The comment section is yours.

bruce-gerencser-headshot

Bruce Gerencser, 64, lives in rural Northwest Ohio with his wife of 43 years. He and his wife have six grown children and thirteen grandchildren. Bruce pastored Evangelical churches for twenty-five years in Ohio, Texas, and Michigan. Bruce left the ministry in 2005, and in 2008 he left Christianity. Bruce is now a humanist and an atheist.

You can contact Bruce via email, Facebook, Twitter, or YouTube.

Your comments are welcome and appreciated. All first-time comments are moderated. Please read the commenting rules before commenting.

Christian Privilege Storms the Capitol

insurrection capitol 2

A guest post by MJ Lisbeth

Even though I’ve experienced a few things no one should have to, I have had privilege and still enjoy some privileges. I have lived a bit more than a decade and a half as a woman and have experienced “mansplaining” and all manner of microaggressions, in addition to outright discrimination and a sexual assault. But I realize that even though I grew up working-class and used a couple of scholarships, a few part-time jobs and the US Army to finance my post-secondary education, my path almost certainly would have been more difficult had I not been living as a male. (Mind you, I say that as someone who experienced a sexual assault in the Army a decade after experiencing serial sexual abuse from a priest.) Or if my skin had been a few shades darker. Or if someone could tell that the first language I spoke wasn’t English.

I was, and am, privileged in yet another way: I have visited twenty countries and lived in two. Of those countries, only two (including one in which I’ve lived) had not—until yesterday–experienced a violent overthrow of a sitting government or a violent attempt to prevent a newly-elected government from taking its place. Seeing how some people, decades or even generations later, still carry the trauma of successful and attempted coups helped me to understand—as corny as this sounds—what a privilege it had been to live in a country that had never experienced a coup, and had gone more than two centuries without its capital being sacked.

When the hordes of Trump-election-loss-deniers stormed the Capitol, I couldn’t help but to think about the privilege I’ve lost, and what I still have. The latter—or, perhaps more precisely, my awareness of my privilege—is the reason why I never could cast my lot with those who felt aggrieved enough to attack the seat of American democracy. On the other hand, the fact that I’ve lost some privilege in my life allows me to understand, to some degree, why those mobs behaved as they did.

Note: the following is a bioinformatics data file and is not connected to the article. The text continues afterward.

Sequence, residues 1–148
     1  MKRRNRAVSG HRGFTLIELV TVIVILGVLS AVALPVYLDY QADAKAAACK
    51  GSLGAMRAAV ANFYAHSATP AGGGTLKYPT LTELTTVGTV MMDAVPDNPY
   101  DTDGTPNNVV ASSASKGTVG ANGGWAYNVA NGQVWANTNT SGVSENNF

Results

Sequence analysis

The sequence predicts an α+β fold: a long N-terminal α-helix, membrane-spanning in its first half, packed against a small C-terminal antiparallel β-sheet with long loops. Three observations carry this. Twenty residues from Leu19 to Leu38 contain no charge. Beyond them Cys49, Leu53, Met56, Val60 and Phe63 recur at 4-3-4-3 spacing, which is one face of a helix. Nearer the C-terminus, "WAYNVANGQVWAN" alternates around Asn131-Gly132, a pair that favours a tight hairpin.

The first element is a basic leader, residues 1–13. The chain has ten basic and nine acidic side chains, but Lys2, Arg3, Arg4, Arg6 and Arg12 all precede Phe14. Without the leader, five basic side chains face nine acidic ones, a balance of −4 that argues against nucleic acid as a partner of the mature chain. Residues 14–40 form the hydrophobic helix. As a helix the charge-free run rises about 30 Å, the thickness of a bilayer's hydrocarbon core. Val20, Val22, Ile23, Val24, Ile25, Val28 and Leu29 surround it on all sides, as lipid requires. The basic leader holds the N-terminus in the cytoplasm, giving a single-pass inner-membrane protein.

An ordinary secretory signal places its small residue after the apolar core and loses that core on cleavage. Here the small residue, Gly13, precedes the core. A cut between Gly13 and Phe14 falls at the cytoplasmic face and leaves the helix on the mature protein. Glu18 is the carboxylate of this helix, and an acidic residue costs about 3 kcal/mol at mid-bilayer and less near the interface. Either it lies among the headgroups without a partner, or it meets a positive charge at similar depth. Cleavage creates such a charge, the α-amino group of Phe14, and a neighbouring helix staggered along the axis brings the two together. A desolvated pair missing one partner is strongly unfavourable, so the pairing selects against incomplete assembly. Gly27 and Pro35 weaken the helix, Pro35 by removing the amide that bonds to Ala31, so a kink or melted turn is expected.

Privilege makes your life easier but it doesn’t make your life worth living. However, at the moment you lose–or feel as if you’re losing–your privilege, it feels as if you are losing your rights. And, in such a wounded, vulnerable state, it’s too easy to see that others getting the same rights you’ve always had (voting, marriage, not getting fired or evicted–or denied a job or housing in the first place–because of your race or gender identity or expression) as having “special privileges” bestowed upon them, and to see those who would grant those rights as “enemies” or “aliens.” It’s easy to see the “others” as “taking” from you.

In other words, you feel like a victim. In other uprisings and insurrections, the rabble-rousers had legitimate reasons to feel victimized: They worked and paid their taxes, but they were still hungry and some leader said, “Qu’ils mangent de la brioche.” Or they were harassed, imprisoned or tortured for being poorer or darker, being of a different religion or not following the gender norms mandated by their ruling classes. Or they were taxed but not represented.

Nearly all the President’s storm troopers at the Capitol were white, and most were male. From what I could see, not many were hungry. (In my experience, hungry people don’t pose for many selfies.) Moreover, they seemed a bit older than the participants of other disruptions to the normal order. So, I believe that I’m making another reasonable guess in assuming that relatively few of them are burdened with student debt or have had their futures foreclosed by the economic upheavals of the past generation or so. While their wages may not have kept pace with those of, say, tech entrepreneurs and executives, they are not where they are because they were denied opportunities on account of their race, gender identity or expression—or religion.